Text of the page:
The Roundup -

LYIP Awaits Further Environmentalist Research

Sidney's Top Stories of 2015


A group of 27 eastern Montana citizens traveled by bus to demonstrate to the court the critical nature of the Intake diverson project. Pictured L to R: Tony Barone, Greg Anderson, Steve Pust, Don Steinbeisser Jr., Leslie Messer, Kristin Kennedy, Tracy Garland, Kim Nollmeyer, Dale Danielson, Katie Dasinger, Mark Iversen, Conrad Conradsen, Russ Fullmer, Hugo Asbeck, Jerry Bergman, Cody Fulton, Brad Franklin, Cathy Kirkpatrick, Mike Francingues, Shane Gorder, Tim Fine, Wade Whiteman, Doug Voll, Scott Staffanson and Greg Breuer.

The Lower Yellowstone Irrigation Project had its plans for the modifications to the weir diversion project put on hold pending more research on the pallid sturgeon, an endangered species which inhabits the Yellowstone River. The purpose of the project was to comply with the Endangered Species Act and address the declining number of pallid sturgeon. After 15 years and millions of dollars spent to study the fish as well as the river, the best course of action seemed to be modifying the rock diversion dam with a concrete weir, equipped with fish notch, and the addition of a fish by-pass channel. The new structures would allow the pallid sturgeon and all other species of fish to easier upstream and downstream passage.

Pallid sturgeons have been observed using natural bypass channels in the same way that they would use the man-made bypass, which will be accessible to the fish even during low water, unlike the natural channel. Biologists with USACE, USFWS, and the Montana Fish and Wildlife Service have all reviewed the proposed plan and given their approval along with independent biological review teams. If nothing is done, studies show that the pallid sturgeon will very likely be extinct by 2018.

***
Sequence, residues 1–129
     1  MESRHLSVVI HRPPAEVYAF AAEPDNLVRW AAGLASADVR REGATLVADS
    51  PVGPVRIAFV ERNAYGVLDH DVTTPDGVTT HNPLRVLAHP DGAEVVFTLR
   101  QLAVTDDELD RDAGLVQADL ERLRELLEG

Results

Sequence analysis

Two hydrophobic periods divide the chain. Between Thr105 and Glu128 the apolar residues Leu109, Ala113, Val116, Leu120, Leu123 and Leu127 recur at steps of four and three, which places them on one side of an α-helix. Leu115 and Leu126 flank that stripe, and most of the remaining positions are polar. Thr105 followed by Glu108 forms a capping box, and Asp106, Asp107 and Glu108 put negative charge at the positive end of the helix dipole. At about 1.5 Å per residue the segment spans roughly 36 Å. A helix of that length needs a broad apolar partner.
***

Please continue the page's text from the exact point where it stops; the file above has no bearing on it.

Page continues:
However, Defenders of Wildlife and the Natural Resources Defense Council filed a lawsuit against the US Army Corps of Engineers (USACE), the US Bureau of Reclamation (USBR), and the US Fish and Wildlife Service (USFWS), arguing that more research needs to be done to determine if the fish will use the man-made channel. The plaintiffs' alternative irrigation plan would involve electric pumps, despite the fact that the electricity needed for those pumps would create over 1 million pounds of carbon emissions per year. The cost of electricity and maintenance to farmers would be crippling. An injunction hearing was held August 27, 2015 and the Judge blocked any new construction until more research is done to conduct further environmental studies.

The USACE had agreed to fund the $59 million modification project; however, the deadline for using the funding was September 9, 2015. On September 18, 2015 every federal legislator from Montana and North Dakota, showed true leadership by working together, regardless of geographic or political differences, to protect their citizens as well as the endangered pallid sturgeon, and by signing an official letter asking for the protection of the funding for the modifications to the Intake Diversion system.

According to LYIP, their plans haven't changed; they are just on hold, uncertain as to whether or not funding is still available. If not, the cost could fall on those who use the irrigation systems from Intake to the Missouri River. This would affect everyone in the area. The LYIP was established in 1909, turning the desert-like area into usable land for farmers, ranchers, and the general population. The LYIP also allows for creeks and wetlands which provide a habitat to a number of species including the endangered whooping crane.

The LYIP is thankful for all of the support they have received from the Department of Justice, Senators Steve Daines, Jon Tester, John Hoeven, Heidi Heitkamp, and Congress Members Ryan Zinke and Kevin Cramer as well as residents of the area, including 22 declarations of support for the project at Intake. The LYIP is sincerely grateful for the efforts of Richland Economic Development Corp, the Richland County Commissioners, and the City of Sidney for the assistance they provided every step of the way.


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